Sarah Eckhardt's State of the County Address Features Brags and Worries

The state of Travis County is strong, but challenges remain

Sarah Eckhardt at the State of the County address in 2018
Sarah Eckhardt at the State of the County address in 2018 (Photo by Jana Birchum)

Travis County Judge Sarah Eckhardt began her "State of the County" address in lighthearted fashion, looking backward over her tenure and forward to four more years of "fresh, local public service, served hot daily." Considering the political atmosphere elsewhere – a "divided" world, country, and state – Travis County, she said, "keeps going," serving "the common good" by finding "common ground" while treating each other with "common decency."

The alliteration didn't persist as Eckhardt indulged in fairly predictable boosterism. After congratulating a trio of solid citizens, she cited local prosperity, a growing tax base that enabled a lower tax rate, and praised in turn her Commissioners Court colleagues for particular accomplishments: Gerald Daugherty for his fiscal prudence, Brigid Shea for environmental stewardship ("We will not waver in protecting our critters"), Margaret Gómez for her work with Central Health. For more general accomplishments, she cited the recently opened Sobering Center (reportedly doing bang-up business during SXSW), courts and jail "dashboard" tracking, and the Jail Population Monitoring Group, which has helped deliver a 28% decrease in custodial bookings at the Travis County Jail over the last five years.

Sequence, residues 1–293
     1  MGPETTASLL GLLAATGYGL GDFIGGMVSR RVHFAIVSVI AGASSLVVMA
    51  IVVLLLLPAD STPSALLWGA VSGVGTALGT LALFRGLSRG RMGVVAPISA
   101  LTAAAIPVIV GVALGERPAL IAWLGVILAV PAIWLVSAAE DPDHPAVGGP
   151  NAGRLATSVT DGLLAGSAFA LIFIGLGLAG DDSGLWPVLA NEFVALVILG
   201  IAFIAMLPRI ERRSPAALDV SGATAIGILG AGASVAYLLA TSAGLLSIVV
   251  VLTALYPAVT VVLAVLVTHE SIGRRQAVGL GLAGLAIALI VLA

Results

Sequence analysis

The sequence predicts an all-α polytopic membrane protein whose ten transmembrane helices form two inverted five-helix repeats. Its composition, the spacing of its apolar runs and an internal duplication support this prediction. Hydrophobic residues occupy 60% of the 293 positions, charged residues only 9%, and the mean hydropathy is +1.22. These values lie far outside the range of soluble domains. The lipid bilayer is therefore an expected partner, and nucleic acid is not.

The county judge said she's looking for more of the same going forward. The county's 2017 bond projects are ramping up, as is planning for more regional transit options, via the Central Texas Regional Mobility Authority (with Eckhardt urging Hays County be joined to the current two-county agency). The Travis Flats affordable housing complex is planned for the county's North Campus on Airport Boulevard, and a new civil and family courthouse is slated for completion at 17th and Guadalupe (former site of the Dog and Duck Pub) by the end of 2022. She also credited Com­missioner Jeff Travillion for pursuing redevelopment of the Travis County Exposition Center as "a major entertainment, employment, and residential hub."

There were less optimistic notes as well. On criminal justice, Eckhardt is "deeply disappointed that we didn't merge felony and misdemeanor jurisdiction into one office," as proposed by District Attorney Margaret Moore and County Attorney David Escamilla but disposed of by the Commissioners Court. On the current gridlock over indigent defense – including a public defender's office – she sees significant progress ahead; on Thursday, March 7, the Texas Indigent Defense Commission gave Travis County a two-month extension to resolve its disagreements. Eckhardt did commend a steady reduction in both misdemeanor and felony prosecutions, and despite steadily upgrading the county jail, noted, "We have not increased the capacity of our jail in over 10 years and we don't plan to." Major ongoing problem projects include fixing the years-long collapse of city-county forensic evidence management, and she insisted, "Future forensic evidence should be managed by forensic scientists ... with allegiance only to sound science."

In the speech and responding to questions, Eckhardt also spotlighted the issue of climate change, citing regional transportation/mass transit efforts as well as risk planning. She also exhorted her listeners to support an accurate and complete 2020 census, "and make your voice heard by voting in 2020."

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KEYWORDS FOR THIS STORY

Travis County, County Judge, Sarah Eckhardt, State of the County, Commissioners Court, Brigid Shea, Gerald Daugherty, Jeff Travillion, Margaret Gómez, Travis Flats, Jail Population Monitoring Group, Sobering Center, Central Texas Regional Mobility Authority, civil and family courthouse, Travis County Jail, District Attorney, Margaret Moore, County Attorney, David Escamilla, indigent defense

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